Thus, God’s biblical law is more than lists of dos and don’ts. Rather, God’s biblical law is God’s expectations regarding belief and behavior that if faithfully obeyed and followed will bring God’s blessing. As a reminder, the Israelites’ exodus from Egyptian slavery freed Israel to become God’s faithful servants to the world – a priestly kingdom and a holy nation (see Exodus 19:4-6; Deuteronomy 4:5-8). God’s law is embodied most famously in the Ten Commandments (see Deuteronomy 5:6-21), and most succinctly in the Shema (sees Deuteronomy 6:4-5). All other laws of God and the Old Testament Prophets are interpretations and applications of God’s Ten Commandments and the Shema. The life that resulted from obedience to the law is not eternal life in the New Testament sense. Instead, this life was God’s promise that if the Israelites were faithful to the covenant, the nation could expect long and prosperous days in the land (see Deuteronomy 4:1; Deuteronomy 5:16, 33; Deuteronomy 10:8-9). Jesus Christ our Savior also urged His disciples to keep the Ten Commandments and the demands of the Shema (see Matthew 5:17-20; Matthew 22:37-40) — not to have eternal life but as an expression of commitment to Him (see John 14:15-21).
Many biblical scholars believe Moses wrote the first five books of the Bible (the Pentateuch) which includes Deuteronomy. However, over the past 250 years, some biblical scholars have concluded that Moses did not author the Pentateuch and believe the Pentateuch is a collection of four major source documents dating from the 10th to the 15th centuries B.C. This theory is known as the “Documentary” or “JEDP” hypothesis. Central to this theory is the belief that Deuteronomy was the document discovered during Josiah’s reformation in 622 B.C. (see 2 Kings 22:8-11). Moreover, some critics argue Deuteronomy’s recording of Moses’ death suggests that Moses did not write Deuteronomy (see Deuteronomy 34:5-12). However, both Jewish and Christian sources are unanimous in attributing Deuteronomy to Moses. The book of Deuteronomy explicitly references Moses as the author (e.g., see Deuteronomy 1:1; Deuteronomy 4:44; Deuteronomy 31:9, 22; Deuteronomy 33:4). Moreover, the Old Testament reference Moses as the author of Deuteronomy (e.g., see Joshua 1:7, 13; Joshua 8:31-32; Judges 3:4; 1 Kings 2:3; 8:56; 2 Kings 14:6; Kings 23:25; 1 Chronicles 15:15; 1 Chronicles 22:13; 2 Chronicles 25:4; Ezra 3:2; 6:18; Nehemiah 1:7; Daniel 9:11, 13; Malachi 4:4). Furthermore, the New Testament reference Moses as the author of Deuteronomy (e.g., see Matthew 19:7-8; Mark 7:10; Luke 2:22; Luke 16:29; John 1:17; John 7:19; Acts 13:39; Acts 15:1, 5; 1 Corinthians 9:9; 2 Corinthians 3:15; Hebrews 10:28). Finally, the writings of the Jewish rabbis also attribute Moses as the rightful author of Deuteronomy (e.g., Baba Bathra 14b-15a).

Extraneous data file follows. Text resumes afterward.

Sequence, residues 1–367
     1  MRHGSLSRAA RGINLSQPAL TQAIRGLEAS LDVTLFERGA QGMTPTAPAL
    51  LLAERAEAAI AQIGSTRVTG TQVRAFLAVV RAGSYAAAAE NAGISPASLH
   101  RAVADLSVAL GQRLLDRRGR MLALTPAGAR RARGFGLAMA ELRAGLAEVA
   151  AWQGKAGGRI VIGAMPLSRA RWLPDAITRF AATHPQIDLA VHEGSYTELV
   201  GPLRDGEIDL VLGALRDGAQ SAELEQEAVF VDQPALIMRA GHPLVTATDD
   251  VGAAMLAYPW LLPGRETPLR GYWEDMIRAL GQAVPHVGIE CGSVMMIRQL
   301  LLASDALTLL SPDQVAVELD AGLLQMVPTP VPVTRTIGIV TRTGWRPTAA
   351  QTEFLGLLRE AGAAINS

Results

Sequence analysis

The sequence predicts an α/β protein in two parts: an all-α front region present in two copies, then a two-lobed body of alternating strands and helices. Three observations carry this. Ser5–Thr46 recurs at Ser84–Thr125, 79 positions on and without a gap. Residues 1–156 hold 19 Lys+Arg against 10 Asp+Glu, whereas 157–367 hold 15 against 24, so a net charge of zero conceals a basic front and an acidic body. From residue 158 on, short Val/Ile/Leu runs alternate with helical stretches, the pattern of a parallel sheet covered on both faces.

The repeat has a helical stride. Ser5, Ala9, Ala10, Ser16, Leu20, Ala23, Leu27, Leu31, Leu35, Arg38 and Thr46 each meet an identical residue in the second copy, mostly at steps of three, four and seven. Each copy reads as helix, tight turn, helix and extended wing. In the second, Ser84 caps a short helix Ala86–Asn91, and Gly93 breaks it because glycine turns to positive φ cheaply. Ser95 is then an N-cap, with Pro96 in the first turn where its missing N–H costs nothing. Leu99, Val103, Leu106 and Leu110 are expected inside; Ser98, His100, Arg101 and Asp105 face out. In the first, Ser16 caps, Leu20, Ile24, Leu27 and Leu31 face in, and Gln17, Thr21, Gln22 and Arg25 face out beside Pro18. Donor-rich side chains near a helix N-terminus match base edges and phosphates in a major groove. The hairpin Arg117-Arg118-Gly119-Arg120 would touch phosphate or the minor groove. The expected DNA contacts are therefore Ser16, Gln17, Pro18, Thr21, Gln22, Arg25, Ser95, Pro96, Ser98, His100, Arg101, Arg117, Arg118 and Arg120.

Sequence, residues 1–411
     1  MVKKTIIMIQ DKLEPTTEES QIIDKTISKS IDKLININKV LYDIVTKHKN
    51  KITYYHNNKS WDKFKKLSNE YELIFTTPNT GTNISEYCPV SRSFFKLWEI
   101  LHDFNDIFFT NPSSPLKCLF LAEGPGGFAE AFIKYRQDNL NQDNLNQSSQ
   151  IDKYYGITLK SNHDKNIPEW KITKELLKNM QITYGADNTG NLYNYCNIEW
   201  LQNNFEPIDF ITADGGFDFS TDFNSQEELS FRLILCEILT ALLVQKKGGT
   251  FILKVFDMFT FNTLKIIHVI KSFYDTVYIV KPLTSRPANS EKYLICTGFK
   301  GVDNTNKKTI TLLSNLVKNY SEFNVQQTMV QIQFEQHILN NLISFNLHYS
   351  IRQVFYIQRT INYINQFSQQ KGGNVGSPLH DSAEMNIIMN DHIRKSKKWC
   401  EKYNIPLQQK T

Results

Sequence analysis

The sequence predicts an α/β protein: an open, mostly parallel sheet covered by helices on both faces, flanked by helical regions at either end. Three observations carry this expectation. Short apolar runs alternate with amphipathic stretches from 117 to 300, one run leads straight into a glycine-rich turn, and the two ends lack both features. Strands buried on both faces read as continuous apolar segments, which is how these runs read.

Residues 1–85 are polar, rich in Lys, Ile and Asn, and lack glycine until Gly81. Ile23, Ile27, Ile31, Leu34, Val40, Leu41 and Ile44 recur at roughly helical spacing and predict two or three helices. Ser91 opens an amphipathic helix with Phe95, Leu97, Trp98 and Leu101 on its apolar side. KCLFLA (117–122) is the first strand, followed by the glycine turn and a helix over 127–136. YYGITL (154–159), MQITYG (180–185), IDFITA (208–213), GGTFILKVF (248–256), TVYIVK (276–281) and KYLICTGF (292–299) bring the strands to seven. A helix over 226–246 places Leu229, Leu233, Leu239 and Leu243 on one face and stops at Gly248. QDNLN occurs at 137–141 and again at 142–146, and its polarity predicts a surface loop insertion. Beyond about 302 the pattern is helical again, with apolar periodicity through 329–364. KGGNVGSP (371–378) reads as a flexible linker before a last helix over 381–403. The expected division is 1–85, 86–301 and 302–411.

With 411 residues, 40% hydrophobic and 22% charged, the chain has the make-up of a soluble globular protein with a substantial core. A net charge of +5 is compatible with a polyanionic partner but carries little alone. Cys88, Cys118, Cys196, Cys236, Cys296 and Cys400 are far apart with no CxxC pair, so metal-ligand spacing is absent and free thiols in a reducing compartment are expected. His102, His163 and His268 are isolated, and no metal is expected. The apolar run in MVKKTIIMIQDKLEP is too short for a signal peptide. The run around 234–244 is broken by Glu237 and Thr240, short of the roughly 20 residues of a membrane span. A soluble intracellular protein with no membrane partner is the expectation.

Biblical scholars often call the book of Deuteronomy the “second law.” In Deuteronomy, Moses summarizes his teaching and events from Exodus, Leviticus, and Numbers. Deuteronomy repeated verbatim the Ten Commandments and other laws given at Mount Sinai and recorded at Exodus chapters 20 through 24, Leviticus, and Numbers (e.g., see Deuteronomy 4:44 – 5:33). The first generation of Israelites leaving Egypt had received God’s righteous commandments at Mount Sinai (see Exodus 19 – 24). At Mount Sinai, Israel verbally agreed to obey the covenant (see Exodus 24:3). However, this first generation of Israelites rebelled against God’s righteous commands and eventually died off during their wilderness wandering (e.g., see Exodus 21-32; Deuteronomy 9:23-24; Deuteronomy 32:8-14). Lacking faith and obedience to God, the first generation of Israelites spent 40 years in the wilderness wandering on a journey from Egypt to the Promised Land that should have lasted only 11 days (see Numbers 14:28-35; Deuteronomy 1:2-3)! The first generation of Israelites that left Egypt refused to believe and trust the living God and accept their inheritance in the Promised Land (see Numbers 13 and 14). They repeatedly grumbled and complained against God (e.g., see Exodus 16:7, 12; Numbers 14:27; Deuteronomy 1:34-35). As punishment for their disbelief in the living God, God punished the first generation of ancient Israelites to wandering the wilderness for 40 years (see Numbers 14:29-30, 33-34; Deuteronomy 2:14-15).